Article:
In 2022 BSB embarked on a massive expansion drive, opening numerous branches around the country and introducing additional services as the portfolio of the bank grew. As per a filling at the Botswana Stock Exchange (BSE), the bank drew down over P100 million from on its P1 billion note programme in December – listed exclusively to increase its loan book. The bank’s loan book under Marumoloa has increased from P1.8 billion to almost P3 billion. Having launched a new strategy last year – Lesedi2025 – the bank intends to go fully-digital, be aggressive in ensuring financial inclusion to emerge as a leading Botswana-owned integrated financial service provider. However, having pushed most of their products over the years through BotswanaPost network it remains to be seen how they will navigate their way forward following developments that show that their relationship is under strain.
PNRB CEO, Montwedi Mphathi
As demand for copper rises due to the opening up of China, prices are expected to soar. All eyes will be on Montwedi Mphathi to see when he will deliver the re-opening of Selibe-Phikwe and Tati Nickel mines to exploit opportunities in the copper/ nickel market. Mphathi, the former General Manager of BCL mine, whose assets they have now bought through a partnership with Canadian investors – Premium Nickel Resources is expected to advance further in re-opening the mine. He is known for his shrewdness and strict management having been the first citizen to head BCL and Botswana Ash mines. He is returning to Phikwe at a critical time when the area is crying out for new investment and employment generating activities. He carries hopes for hundreds of former employees who were retrenched when the mine was closed.
BIUST Vice Chancellor, Prof Otlogetswe Totolo
Through Botswana International University of Science and Technology (BIUST), the country is expected to launch its first Satellite this year. The satellite, called BotswanaSat-1 (Bot-SAT-1), is a cube satellite or a nanosatellite and is being spearheaded by BIUST scientists. “The satellite, which will be used for earth observation, will generate data for smart farming and real-time virtual tourism. Furthermore, it will help us predict and forecast harvest time through the use of robotics and automated technology. It will also make it easy for our people to access key facilities, particularly financial support and accurate market outlook and projections using data generated from space,” said President Mokgweetsi Masisi when launching the project. This means that all eyes are on Professor Otlogetswe Totolo and his team of scientists to deliver on this major project. The institution is touted as the best suited to driving a knowledge based economy. Prof Totolo has a mammoth task ahead to not only churn out requisite human capital into the economy, but to also partner industries and other institutions of learning to achieve this.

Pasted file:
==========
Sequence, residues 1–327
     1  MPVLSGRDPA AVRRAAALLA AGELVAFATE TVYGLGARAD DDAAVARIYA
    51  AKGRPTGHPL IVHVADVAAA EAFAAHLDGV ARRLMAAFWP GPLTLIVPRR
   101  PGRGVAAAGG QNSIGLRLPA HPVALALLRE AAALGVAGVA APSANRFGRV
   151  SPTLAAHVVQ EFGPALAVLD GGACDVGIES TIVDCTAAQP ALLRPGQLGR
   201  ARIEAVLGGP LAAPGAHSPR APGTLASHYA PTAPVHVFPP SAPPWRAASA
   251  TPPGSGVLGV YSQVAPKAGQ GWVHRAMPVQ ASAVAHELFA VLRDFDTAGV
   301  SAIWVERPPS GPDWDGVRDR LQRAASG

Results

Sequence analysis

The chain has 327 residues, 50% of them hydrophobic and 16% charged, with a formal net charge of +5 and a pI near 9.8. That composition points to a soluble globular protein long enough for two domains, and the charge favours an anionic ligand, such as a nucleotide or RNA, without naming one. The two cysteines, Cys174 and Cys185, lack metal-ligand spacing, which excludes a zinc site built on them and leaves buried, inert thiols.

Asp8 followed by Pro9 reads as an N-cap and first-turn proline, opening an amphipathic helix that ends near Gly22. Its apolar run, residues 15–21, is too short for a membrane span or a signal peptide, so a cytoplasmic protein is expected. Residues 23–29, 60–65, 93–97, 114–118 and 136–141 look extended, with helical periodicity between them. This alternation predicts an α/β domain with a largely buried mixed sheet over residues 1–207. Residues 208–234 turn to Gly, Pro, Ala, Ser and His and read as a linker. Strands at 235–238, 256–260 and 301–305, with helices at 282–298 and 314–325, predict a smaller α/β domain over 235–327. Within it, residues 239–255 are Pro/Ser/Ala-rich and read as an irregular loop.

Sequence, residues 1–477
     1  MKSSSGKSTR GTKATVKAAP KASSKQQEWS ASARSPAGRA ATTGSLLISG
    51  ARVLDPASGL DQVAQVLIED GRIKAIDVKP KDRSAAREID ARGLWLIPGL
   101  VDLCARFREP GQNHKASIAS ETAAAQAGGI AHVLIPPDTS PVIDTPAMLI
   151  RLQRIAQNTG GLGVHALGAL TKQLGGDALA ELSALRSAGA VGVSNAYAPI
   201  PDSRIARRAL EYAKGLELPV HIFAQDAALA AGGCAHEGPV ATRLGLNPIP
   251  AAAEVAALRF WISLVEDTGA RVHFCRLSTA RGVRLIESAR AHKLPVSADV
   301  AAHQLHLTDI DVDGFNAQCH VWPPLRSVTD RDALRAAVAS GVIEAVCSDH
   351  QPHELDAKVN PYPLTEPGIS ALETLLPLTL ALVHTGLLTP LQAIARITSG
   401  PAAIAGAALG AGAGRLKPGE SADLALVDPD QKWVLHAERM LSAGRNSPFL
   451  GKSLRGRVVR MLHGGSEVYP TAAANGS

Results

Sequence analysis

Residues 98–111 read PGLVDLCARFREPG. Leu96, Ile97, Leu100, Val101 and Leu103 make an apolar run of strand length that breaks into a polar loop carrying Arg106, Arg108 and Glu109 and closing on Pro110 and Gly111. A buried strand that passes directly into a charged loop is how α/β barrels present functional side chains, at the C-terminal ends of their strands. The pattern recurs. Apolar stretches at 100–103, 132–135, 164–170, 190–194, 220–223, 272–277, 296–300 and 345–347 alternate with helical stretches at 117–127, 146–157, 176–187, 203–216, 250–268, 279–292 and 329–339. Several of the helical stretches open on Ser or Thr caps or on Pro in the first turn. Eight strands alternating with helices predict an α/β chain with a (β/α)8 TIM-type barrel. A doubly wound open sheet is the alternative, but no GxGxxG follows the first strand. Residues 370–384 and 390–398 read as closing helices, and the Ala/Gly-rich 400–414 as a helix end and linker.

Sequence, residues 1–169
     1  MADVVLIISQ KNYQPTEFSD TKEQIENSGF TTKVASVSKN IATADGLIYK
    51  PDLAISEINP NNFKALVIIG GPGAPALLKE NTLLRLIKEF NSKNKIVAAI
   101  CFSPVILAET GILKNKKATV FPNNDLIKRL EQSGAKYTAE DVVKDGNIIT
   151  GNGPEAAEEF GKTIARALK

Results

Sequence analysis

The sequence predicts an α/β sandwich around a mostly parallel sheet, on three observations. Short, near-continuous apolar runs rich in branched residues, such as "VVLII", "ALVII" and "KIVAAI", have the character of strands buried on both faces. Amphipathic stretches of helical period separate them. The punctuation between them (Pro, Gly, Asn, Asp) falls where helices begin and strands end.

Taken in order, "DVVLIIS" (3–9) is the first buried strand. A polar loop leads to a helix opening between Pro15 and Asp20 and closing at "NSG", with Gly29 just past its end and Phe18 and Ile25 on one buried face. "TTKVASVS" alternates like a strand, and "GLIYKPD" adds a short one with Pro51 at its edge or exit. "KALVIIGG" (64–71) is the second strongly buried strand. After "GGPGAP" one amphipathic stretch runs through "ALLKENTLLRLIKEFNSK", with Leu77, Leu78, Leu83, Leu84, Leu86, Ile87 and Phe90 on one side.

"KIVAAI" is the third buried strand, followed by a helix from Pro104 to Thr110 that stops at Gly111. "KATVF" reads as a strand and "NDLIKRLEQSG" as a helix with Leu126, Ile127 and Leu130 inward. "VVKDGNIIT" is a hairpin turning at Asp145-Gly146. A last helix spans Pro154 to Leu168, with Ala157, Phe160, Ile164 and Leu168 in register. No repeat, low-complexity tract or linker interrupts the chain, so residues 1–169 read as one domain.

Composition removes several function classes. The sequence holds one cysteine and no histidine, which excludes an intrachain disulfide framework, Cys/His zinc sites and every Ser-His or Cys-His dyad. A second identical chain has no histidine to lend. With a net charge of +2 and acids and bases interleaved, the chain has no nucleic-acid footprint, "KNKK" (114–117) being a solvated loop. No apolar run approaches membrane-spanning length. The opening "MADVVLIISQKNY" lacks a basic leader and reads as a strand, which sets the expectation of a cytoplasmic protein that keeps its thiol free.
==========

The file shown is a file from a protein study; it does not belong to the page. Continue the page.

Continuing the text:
BUAN Vice Chancellor, Prof Ketlhatlogile Mosepele
Having been appointed the second Vice Chancellor of Botswana University of Agriculture and Natural Resources, Professor Ketlhatlogile Mosepele faces a big task of generating sufficient skilled personnel who can help transform the agricultural sector and boost its performance. The country’s ambitious drive of reducing the import bill saw it closing borders of horticultural exports and demanding that locals fill the arising gap. It has not been easy, with complaints that local producers are falling far below expectations in meeting market demands in terms of quality of produce and its quantity. Mosepele should steer BUAN into making its contribution in reducing the import bill by producing for the market as a way of also reducing overdependence on government subventions. The quality of instruction from his academics should be high enough to prepare graduates enough to become fulltime commercial farmers themselves.
TICANO Group CEO, Opelo Motswagae
A champion for Purchase Order Financing and Invoice Discounting in Botswana, Ticano funded 1800 SMEs in 2022 across Botswana, with more than P300 million. The company is in the process of launching an online Supply Chain Finance application platform to reach remote areas and give SMEs access to speedy finance. The company will soon launch First Medical – a programme giving access to medical services to low income underserved market. Ticano will soon open two new branches in Jwaneng and Ghanzi in 2023. “We are partnering with corporates for Supplier Development Programme to provide access to speedy finance and service delivery. We have also been accepted into the Stanford Seed Programme,” said Motswagae, who just returned from Kenya where he participated in the Stanford Seed programme.
In November 2022, Motswagae was appointed Board Member and Chairman of the Audit Committee for Botswana Ash and Botash SA.